Chevron just put the finishing touches on a new power plant at the Marine Corps Logistics Base.
Officials say it's cutting edge green technology. It generates 1.9 megawatts to power sections of the Marine Corps Logistics Base. On Friday the base flipped the switch on the plant.
The green technology is one of the first of its kind for the Department of Defense, pulling gas from Dougherty County TMs landfill.
It recovers methane gas from the landfill, brings it here aboard the base into that big green machine there behind me and coverts it into energy, said Maj. Gen. James Kessler.
It's a landfill gas co-generation project, said James Mahoney of Chevron Energy Solutions. It TMs an untapped energy source that was just going to waste, not being used for anything and we were able to capture the gas from the landfill, pipe it over here to the base and use it to generate energy and steam.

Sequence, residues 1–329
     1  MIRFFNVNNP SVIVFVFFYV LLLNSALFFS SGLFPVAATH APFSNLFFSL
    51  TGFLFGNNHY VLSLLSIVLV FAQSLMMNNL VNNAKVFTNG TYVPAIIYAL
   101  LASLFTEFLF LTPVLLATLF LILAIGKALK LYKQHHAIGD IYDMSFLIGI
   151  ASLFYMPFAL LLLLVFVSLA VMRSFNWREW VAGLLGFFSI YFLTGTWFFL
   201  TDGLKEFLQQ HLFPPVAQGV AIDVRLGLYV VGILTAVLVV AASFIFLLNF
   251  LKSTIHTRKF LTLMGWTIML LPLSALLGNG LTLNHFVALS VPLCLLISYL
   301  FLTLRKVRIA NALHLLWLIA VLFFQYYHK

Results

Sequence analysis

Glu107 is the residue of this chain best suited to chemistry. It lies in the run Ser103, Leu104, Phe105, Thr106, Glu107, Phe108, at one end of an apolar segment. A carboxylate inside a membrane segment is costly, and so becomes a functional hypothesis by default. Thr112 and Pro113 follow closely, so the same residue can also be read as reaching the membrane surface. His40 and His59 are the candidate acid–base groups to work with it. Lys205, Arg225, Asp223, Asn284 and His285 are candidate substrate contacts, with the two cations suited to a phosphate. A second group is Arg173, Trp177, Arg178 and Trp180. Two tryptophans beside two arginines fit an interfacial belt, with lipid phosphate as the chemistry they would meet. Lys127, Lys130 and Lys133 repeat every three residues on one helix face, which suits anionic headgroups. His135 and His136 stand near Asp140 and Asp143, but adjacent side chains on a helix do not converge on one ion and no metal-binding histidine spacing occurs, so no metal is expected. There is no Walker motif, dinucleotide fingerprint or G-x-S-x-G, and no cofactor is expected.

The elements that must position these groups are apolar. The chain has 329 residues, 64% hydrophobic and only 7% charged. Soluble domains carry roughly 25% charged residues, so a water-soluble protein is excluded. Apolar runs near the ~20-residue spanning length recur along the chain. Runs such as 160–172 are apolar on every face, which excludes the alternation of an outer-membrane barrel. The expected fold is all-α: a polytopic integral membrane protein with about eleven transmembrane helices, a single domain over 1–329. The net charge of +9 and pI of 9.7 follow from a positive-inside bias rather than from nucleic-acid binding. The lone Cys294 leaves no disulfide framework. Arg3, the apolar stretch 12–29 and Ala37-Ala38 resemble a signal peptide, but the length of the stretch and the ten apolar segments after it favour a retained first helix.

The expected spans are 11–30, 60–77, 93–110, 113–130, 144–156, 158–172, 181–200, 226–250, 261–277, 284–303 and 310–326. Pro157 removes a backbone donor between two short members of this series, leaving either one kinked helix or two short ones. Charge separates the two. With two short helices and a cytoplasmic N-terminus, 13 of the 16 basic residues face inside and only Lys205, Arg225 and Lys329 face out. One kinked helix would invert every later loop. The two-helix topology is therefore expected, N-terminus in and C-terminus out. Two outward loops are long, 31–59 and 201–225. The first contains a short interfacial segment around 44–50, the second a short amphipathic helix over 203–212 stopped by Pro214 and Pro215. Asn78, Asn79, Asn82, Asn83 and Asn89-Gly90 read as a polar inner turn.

The project cost about $20 million dollars to complete, but the base says they expect to save about $1.8 million dollars a year in energy cost. The project will basically pay for itself in a little over ten years.
It generates over 19,000 tons in emission reductions, so that's like taking 16-thousand cars off the road, said Mahoney.
The project wouldn't have all been possible with help from the Dougherty County Commission and the Southwest Georgia community.
We had to first go through the process of getting the permissions from all authorities to recover the methane, to lay the pipe, to bring it aboard the base and then with our partners in industry here to actually build the facility, said Maj. Gen Kessler.
Southwest Georgia is so aggressive; we're so passionate and were so steadfast in helping this base and giving the folks at this base everything they need to make sure they can take it to the next level, said Dougherty County Commission Chairman Jeff Sinyard.